This month, thought I’d cover a couple of subjects, just to keep you on your toes!
Inheritance tax (IHT)
This is a subject that many people mistakenly think won’t affect them. After all, they might feel they don’t have much cash and that they are well below the limits where IHT kicks in. However, the main nil rate band of £325,000 per person has been frozen since 2009, so even modest growth in property or investment values could take you above that amount and crystalise or increase IHT liabilities.
HM Revenue & Customs (HMRC) have reported a new record high for IHT receipts in 2017/18; they took around £5.2 billion. This represents a £400 million year-on-year increase on 2016/17, up 8%! This is despite the introduction in April 2017 of the main residence nil rate band which, in certain circumstances, allows couples to pass on, tax free, a family home worth up to £200,000 in addition to the £650,000 combined nil rate band available to them. The nil rate band is set to increase annually.
In fact, the last eight years have seen steady increases in IHT receipts for HMRC, mainly as a result of rising property prices, especially in London and the South East, (it was these that led to the introduction of the residence nil rate band referred to above). The nil rate band will increase each year until 2020, when a couple will be able to bequest a home worth £1 million without incurring tax.
However, the exemption is restrictive and very complicated, and in reality there have been very few estates claiming the relief. Whilst HMRC say that you will automatically receive the relief if you’re entitled to it, this assumes that they hold all the relevant information.
Due to the complexity, I recommend that you consider engaging a professional assessment of the potential IHT liability arising on your death, and any possible mitigation strategies open to you. You may feel, “Well, I won’t be here to worry about it,” but do you really want a significant proportion of your estate to go to the Government if it doesn’t need to?
Pension changes for women
My wife, like many others, has been affected by the pension changes for women. For many years she was expecting to retire at the age of 60. However, it’s now generally accepted to be only right that men and women should be treated equally in this respect, even though it seems there’s a long way to go regarding salaries.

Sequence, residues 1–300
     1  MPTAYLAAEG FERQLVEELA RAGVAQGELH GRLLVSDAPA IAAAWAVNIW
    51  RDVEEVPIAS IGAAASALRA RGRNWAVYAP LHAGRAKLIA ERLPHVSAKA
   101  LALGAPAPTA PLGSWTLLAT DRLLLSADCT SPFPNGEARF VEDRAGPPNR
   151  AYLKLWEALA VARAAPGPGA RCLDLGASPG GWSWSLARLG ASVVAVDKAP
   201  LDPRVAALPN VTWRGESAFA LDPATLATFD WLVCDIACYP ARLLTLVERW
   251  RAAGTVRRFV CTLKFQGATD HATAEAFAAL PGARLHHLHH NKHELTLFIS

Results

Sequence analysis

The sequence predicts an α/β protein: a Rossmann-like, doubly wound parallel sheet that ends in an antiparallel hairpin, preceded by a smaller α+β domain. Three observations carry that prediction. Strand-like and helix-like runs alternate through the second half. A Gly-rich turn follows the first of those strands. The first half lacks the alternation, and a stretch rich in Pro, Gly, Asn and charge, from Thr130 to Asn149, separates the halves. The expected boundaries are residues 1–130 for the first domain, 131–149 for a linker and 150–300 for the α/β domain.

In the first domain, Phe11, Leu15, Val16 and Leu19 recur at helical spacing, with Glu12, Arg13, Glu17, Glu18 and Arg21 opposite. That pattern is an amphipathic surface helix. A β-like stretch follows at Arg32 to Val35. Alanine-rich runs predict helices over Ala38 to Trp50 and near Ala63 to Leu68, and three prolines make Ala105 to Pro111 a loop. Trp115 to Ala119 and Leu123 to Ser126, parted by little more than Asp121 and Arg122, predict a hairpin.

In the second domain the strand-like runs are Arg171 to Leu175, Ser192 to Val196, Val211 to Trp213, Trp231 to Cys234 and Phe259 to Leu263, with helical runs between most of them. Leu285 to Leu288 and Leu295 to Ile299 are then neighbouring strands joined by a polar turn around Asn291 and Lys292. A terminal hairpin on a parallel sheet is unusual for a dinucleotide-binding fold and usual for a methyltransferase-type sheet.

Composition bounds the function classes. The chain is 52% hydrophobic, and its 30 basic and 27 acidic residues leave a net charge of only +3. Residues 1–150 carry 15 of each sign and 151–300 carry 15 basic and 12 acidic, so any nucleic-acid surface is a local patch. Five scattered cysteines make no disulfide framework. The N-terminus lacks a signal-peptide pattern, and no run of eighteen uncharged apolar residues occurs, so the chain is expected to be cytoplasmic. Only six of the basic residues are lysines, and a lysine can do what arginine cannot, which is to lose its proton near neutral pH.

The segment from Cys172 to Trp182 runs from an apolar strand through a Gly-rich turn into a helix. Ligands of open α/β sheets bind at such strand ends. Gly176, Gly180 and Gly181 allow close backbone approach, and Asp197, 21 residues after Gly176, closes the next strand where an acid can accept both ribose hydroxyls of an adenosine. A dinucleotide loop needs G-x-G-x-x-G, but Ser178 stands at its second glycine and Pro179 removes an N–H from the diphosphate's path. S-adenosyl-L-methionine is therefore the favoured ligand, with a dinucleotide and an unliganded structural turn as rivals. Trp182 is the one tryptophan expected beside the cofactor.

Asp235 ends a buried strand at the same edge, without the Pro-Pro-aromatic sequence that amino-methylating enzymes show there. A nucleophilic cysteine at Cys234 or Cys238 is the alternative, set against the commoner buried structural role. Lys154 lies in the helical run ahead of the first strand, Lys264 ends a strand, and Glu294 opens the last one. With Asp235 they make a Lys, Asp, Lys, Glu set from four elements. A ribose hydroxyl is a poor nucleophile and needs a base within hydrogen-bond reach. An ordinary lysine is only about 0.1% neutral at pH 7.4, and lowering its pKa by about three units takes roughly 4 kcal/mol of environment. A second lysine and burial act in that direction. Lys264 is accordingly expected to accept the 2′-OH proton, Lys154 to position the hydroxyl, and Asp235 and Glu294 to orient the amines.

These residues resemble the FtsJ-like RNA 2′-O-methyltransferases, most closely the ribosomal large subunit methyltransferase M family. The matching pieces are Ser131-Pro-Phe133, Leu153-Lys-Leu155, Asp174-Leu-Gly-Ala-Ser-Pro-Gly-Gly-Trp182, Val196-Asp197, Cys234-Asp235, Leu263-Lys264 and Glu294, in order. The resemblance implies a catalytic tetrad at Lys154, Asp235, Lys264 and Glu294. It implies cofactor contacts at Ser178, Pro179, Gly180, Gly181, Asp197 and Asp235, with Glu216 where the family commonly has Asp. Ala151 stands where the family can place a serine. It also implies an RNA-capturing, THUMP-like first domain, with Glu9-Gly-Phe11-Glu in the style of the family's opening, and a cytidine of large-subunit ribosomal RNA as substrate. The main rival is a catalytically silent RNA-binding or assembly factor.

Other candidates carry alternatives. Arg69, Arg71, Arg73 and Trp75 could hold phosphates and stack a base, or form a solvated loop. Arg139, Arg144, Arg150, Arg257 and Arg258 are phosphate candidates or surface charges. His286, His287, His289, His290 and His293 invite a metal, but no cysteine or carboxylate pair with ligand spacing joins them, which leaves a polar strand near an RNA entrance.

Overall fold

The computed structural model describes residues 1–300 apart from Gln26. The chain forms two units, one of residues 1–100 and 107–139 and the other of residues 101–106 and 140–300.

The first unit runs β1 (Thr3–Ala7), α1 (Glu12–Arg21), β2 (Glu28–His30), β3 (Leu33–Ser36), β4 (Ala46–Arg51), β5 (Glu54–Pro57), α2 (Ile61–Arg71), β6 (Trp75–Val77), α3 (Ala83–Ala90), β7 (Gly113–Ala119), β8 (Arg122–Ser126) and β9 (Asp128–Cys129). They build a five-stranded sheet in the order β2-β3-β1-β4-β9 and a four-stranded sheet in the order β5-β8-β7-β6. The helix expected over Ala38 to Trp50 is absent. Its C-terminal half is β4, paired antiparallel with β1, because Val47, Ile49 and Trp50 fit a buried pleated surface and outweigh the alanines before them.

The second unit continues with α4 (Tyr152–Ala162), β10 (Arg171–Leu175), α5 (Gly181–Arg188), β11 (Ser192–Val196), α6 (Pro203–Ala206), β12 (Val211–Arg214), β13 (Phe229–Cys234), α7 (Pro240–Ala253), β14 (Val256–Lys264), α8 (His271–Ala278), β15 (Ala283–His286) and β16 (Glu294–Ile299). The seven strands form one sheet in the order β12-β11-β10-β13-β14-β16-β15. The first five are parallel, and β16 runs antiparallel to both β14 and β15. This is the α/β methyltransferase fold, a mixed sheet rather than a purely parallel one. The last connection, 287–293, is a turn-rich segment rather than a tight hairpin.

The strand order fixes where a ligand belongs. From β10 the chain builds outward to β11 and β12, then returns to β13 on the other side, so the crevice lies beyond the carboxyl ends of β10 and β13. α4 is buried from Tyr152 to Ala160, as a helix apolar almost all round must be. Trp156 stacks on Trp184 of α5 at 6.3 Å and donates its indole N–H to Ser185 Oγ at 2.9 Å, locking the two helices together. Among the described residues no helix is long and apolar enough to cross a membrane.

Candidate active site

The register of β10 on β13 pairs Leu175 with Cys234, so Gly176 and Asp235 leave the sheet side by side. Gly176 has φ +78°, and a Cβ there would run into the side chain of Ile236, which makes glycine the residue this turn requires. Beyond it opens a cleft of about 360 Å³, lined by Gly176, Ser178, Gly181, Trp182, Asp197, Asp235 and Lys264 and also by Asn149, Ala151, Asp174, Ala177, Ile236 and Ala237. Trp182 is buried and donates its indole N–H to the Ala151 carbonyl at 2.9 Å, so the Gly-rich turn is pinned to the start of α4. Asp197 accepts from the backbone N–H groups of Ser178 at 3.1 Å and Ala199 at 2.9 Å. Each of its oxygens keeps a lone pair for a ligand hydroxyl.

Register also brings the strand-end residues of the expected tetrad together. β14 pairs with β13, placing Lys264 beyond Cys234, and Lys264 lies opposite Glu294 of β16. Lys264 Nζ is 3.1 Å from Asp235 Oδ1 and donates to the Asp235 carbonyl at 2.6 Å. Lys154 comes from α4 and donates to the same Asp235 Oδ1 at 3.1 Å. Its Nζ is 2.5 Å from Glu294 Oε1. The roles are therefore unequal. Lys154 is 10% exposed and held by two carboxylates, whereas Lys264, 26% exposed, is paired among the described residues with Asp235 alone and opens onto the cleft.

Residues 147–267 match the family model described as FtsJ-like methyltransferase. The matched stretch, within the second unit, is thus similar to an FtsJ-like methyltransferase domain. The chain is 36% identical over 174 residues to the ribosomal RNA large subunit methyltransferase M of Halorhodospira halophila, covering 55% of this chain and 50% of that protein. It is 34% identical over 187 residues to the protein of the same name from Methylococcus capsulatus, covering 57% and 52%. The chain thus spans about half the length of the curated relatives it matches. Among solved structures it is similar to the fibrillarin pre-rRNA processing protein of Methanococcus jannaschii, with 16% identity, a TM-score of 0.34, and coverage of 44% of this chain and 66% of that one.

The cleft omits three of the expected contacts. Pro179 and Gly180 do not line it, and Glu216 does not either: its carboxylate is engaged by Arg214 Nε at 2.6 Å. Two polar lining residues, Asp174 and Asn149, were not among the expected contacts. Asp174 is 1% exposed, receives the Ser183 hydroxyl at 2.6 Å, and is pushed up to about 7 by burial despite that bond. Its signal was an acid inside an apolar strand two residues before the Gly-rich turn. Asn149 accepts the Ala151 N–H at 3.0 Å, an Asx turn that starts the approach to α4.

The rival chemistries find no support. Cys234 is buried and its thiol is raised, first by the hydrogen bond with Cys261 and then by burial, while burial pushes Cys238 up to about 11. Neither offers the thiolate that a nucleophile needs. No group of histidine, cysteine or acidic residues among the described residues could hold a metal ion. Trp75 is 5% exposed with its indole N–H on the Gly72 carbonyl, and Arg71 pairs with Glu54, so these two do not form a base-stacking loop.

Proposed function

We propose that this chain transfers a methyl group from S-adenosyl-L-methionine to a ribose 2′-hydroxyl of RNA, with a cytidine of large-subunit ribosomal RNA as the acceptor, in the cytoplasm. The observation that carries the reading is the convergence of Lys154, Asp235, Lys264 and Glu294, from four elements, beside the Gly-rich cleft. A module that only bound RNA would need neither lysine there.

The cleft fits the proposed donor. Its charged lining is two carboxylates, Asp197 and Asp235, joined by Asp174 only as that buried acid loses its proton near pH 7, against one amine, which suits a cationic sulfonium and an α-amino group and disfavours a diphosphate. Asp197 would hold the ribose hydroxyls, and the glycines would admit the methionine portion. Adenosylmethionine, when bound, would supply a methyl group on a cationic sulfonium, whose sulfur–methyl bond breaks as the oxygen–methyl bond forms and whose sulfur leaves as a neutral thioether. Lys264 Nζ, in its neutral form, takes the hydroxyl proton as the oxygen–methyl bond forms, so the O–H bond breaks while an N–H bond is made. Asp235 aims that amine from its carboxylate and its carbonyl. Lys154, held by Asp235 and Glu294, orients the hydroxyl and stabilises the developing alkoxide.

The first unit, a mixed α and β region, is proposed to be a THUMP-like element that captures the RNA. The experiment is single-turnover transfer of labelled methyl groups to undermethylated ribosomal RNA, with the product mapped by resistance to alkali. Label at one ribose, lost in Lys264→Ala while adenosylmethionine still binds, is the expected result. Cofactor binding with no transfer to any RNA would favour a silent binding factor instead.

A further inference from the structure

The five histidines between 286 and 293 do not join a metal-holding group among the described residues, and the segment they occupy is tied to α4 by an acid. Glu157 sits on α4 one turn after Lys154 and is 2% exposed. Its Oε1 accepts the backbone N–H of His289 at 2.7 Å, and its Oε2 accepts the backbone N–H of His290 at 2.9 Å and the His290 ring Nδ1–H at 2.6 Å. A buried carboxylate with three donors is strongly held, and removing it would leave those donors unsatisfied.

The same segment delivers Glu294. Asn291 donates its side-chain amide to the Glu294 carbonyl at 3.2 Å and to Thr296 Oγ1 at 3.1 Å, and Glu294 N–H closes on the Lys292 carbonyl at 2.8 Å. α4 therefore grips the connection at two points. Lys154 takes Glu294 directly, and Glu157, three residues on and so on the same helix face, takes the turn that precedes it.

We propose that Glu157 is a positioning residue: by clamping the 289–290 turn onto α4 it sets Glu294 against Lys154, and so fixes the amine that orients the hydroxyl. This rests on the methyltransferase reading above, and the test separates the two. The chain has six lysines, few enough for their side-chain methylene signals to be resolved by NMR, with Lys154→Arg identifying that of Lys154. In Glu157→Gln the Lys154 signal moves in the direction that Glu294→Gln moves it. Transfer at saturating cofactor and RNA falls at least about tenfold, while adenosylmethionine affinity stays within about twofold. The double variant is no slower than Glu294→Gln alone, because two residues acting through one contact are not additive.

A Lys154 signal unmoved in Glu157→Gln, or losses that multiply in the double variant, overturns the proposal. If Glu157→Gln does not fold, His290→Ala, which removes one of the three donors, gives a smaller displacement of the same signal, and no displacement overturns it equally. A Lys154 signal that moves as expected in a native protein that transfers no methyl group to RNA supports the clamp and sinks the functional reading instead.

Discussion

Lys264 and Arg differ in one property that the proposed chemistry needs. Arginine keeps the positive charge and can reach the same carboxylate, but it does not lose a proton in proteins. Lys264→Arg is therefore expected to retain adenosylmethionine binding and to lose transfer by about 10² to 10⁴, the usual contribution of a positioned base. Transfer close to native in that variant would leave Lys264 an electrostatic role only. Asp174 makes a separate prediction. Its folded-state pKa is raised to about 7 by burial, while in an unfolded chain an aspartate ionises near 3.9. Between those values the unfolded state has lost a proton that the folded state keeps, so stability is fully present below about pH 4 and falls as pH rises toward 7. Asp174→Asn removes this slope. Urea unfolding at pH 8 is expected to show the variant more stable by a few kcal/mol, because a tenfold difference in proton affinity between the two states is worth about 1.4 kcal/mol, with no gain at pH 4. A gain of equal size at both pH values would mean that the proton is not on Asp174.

The legislation that originally changed retirement age for women was subsequently tinkered with under the Coalition Government, accelerating the change to age 65 in November 2018 (previously set for 2020).
Thereafter, it continued to rise, for both men and women, to age 66 by October 2020. Mrs G was not a happy bunny, having been just caught by the changes, reaching that age in December 2020.
Campaigners went to the courts recently for a judicial review into how the government raised the retirement age for women. Two claimants challenged the Department for Work and Pensions (DWP) on the grounds that raising their pension age “unlawfully discriminated against them on grounds of age, sex and age and sex combined.” They also argued that they were not given adequate notice in order to adjust to their financial circumstances.
The outcome is, I suppose, unlikely to change the situation. In March 2015, the Work and Pensions Select Committee concluded that “more could and should have been done” to communicate the changes. The issue has been debated in Parliament on a number of occasions and an all Party Parliamentary Group on State Pension Inequality for Women has been set up.
It won’t surprise you to learn that the Government position hasn’t shifted. It will “make no further changes to the pension age or pay financial redress in lieu of a pension.”
In December 2018, Work and Pensions Secretary, Amber Rudd, said there would be no reversal, “especially when we take into account that women who reached State Pension age in 2016 are estimated to receive more State Pension on average over their lifetime than women ever have before.”
Make sure that you plan for your retirement. It’s unlikely, however, that the amount of state pension you’ll eventually receive will be sufficient to keep you in the manner to which you’ve become accustomed!
If you have any queries or would like more information, you can contact me on 01473 833411 or firstname.lastname@example.org
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